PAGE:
Ask Audrey: 'My friends think my boyfriend is a self-absorbed womanizer'

Audrey Griffen

Audrey is a mother to a 15-year-old with another on the way. She probably should have taken into account who she was marrying (Osher Günsberg) much earlier, as she’s far more comfortable behind the camera as a freelance hair and makeup artist, than a TV host’s wife who doesn’t know how to work her angles for any on-camera duties.

Audrey loves to cook, decorate cakes, gardening, DIY and is very handy with a flat-pack, few of which you would pay her to do for you, but she’d happily give it a shot for free.

Audrey Griffen gives advice to one woman who's friends have started to ghost her. Photo: Supplied


I’ve been dating a guy for six months now and things are going great. He’s charming and is always the centre of attention at parties because of his quick wit and banter. But most of all, he adores me and wants to spend all of his time with me, which is something I’ve never experienced before.

The only thing is, my friends think he’s a self-absorbed womanizer and have warned me off him, saying I should steer clear of getting into anything more serious with him because he’ll end up breaking my heart one day.

One of my best friends was in the same year as him at school and says he got a name for himself for being a bit of a player and dropping his girlfriends after a few months. That was four years ago now though and I believe that he’s changed since then.

I don’t want to bring this up with him just yet as I don’t want to cause tension between my friends and him, but they’ve started to cancel plans we’ve made together and I just know it’s because they don’t want to be around him.

One side of me thinks I should follow my heart and let him prove he’s grown and changed from his past mistakes but the other side of me is scared I’ll lose my friendship circle in the process. What should I do?

One woman is obsessed with her boyfriend but her friends think he's a 'self absorbed womanizer'. Photo: Getty Images

Dear Hopeful GF

What a place to be caught between your friends and your boyfriend of six months? It must be hard working out who to listen to; your friends who have your best interest at heart; or your heart, which is clearly enjoying the new found affection and attention from your boyfriend.

So your boyfriend has a bit of a reputation of being a womaniser. That can be a hard thing for him to shake, especially if your best friend has personally watched him break a lot of hearts in high school. When you’re young and your hormones are involved, it can be hard to listen to this sort of advice objectively, especially if it’s your first time being with someone who lavishes you with their attention. It can be dizzying and wonderful and overwhelming.

I dated, and for quite some time, a guy who was all charm and good looks, and he used to say all the right things too. He made me feel like there was no one else in the world for him and it was intoxicating. However, I can also remember after the first time that my cousin met him, she said to me to keep an eye on him, for exactly the reasons your friends are saying to you.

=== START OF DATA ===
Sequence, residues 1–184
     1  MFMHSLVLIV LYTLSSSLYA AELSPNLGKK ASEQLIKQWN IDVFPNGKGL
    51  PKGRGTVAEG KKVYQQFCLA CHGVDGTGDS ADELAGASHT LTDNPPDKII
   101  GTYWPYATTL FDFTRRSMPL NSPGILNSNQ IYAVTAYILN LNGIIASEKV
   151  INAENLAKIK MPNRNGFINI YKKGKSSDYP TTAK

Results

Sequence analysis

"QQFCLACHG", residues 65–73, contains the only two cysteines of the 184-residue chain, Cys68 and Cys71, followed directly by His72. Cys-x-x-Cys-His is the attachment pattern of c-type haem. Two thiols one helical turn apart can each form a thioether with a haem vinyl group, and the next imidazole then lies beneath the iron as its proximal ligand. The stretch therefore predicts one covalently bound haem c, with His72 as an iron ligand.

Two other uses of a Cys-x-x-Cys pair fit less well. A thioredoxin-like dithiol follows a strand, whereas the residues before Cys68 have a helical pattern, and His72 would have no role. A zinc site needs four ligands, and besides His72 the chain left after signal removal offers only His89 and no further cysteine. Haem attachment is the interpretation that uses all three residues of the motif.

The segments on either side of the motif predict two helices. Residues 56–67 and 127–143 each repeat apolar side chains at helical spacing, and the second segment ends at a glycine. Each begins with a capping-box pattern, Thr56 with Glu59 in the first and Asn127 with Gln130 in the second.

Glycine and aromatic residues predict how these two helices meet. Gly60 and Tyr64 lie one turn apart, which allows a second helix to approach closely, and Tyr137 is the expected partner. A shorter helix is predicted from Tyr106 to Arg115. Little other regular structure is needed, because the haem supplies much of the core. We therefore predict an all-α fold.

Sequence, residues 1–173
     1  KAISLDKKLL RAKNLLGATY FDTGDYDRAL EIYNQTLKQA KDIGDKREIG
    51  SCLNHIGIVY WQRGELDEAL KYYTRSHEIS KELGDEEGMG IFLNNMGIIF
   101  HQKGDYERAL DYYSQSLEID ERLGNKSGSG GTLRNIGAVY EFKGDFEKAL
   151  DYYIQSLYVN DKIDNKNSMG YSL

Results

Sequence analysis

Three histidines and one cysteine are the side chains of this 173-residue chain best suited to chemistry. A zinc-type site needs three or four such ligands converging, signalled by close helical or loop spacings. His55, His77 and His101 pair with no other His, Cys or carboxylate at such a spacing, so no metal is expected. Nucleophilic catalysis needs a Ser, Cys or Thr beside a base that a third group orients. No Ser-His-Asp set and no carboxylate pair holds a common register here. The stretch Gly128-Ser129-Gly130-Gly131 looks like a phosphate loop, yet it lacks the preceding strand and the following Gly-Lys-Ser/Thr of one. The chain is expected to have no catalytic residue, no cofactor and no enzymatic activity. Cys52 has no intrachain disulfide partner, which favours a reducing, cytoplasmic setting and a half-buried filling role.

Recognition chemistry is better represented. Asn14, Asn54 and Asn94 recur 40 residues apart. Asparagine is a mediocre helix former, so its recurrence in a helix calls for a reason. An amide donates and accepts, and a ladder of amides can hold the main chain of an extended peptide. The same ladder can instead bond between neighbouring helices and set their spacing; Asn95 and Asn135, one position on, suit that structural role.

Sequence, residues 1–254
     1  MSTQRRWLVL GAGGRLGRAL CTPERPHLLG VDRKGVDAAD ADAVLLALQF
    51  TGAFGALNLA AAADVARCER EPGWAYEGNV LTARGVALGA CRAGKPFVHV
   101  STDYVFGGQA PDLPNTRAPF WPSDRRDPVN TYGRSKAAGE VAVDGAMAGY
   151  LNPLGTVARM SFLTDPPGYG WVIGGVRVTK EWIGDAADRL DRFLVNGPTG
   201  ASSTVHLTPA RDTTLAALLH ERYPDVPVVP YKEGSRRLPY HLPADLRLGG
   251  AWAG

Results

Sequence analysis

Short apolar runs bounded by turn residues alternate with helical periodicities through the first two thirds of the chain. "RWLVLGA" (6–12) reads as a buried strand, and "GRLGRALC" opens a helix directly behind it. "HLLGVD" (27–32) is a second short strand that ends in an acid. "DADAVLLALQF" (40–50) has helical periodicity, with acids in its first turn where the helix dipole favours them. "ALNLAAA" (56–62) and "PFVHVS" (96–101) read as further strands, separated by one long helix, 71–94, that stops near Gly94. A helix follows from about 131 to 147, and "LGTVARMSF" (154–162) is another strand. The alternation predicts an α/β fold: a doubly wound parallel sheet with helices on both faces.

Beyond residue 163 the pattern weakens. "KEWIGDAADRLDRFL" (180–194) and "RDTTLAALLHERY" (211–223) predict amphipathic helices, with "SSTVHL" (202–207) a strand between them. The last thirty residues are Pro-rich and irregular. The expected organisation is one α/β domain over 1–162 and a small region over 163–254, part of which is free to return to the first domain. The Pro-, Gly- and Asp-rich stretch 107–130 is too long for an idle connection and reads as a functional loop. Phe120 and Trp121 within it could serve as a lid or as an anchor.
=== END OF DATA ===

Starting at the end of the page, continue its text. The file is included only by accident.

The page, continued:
He says all the right things and is charming, but seems to have a wonky wondering eye and will one day break my heart. I filed it away under her being paranoid and seeing things that weren’t there. After a whirlwind first year together, little signs started appearing, showing me that perhaps he wasn’t all that he seemed to be. If I confronted him about them, he always had a reasonable explanation and would convince me that I was reading too much into things. I’ll be honest and say that my gut knew that he was bullshi**ing me, but by that stage I was head over heels and it hurt less to accept his excuses than to walk away from him. So I thought.

Cut to nearly three years later and the signs were in neon, on billboards, taped to lamp posts and right in front of my face. If he didn’t dump me (ghost me actually), I hate to think that I’d still be there wearing blindfolds and lying to myself about what kind of man he really was.

However, that experience is a part of my story, and my life experience, and we all have our own paths to walk, you need to find the right path for you.

The woman's friends have even started to ghost her because they don't want to spend time with her boyfriend. Photo: Getty Images

My advice to you would be to enjoy the heady times with your boyfriend. Give him the opportunity to prove to you that he’s no longer the high school ladies’ man that he once was. But do so with your eyes wide open. He doesn’t need to be tested, if he’s genuinely into you, he will confirm that with how he treats you every day. Respectfully, lovingly and honestly. If you do find yourself listening to excuses that your gut and spidey senses are telling you are suspicious, heed them!

Regarding your friends, that is a complicated situation that I hope you all have an honest enough relationship to be able to discuss this situation with. Explain that you still need them in your life and that their support is invaluable, even if they don’t like your boyfriend. They’re opinions are noted and taken on board but it’s unfair to you and your new boyfriend to not have the chance to see how much he’s changed and to find out what the potential of your relationship is.

Take the opportunity to go out with just them every now and then and keep that connection, it’s so easy to let friendships slip when a new love is in our life, that’s totally normal and everybody does it at one time or another. If they’re true friends, they’ll be there for you whichever way your relationship turns out.

I wish you all the very best in figuring things out for yourself, listen to your friends, your heart and most importantly, your gut.

Audrey x

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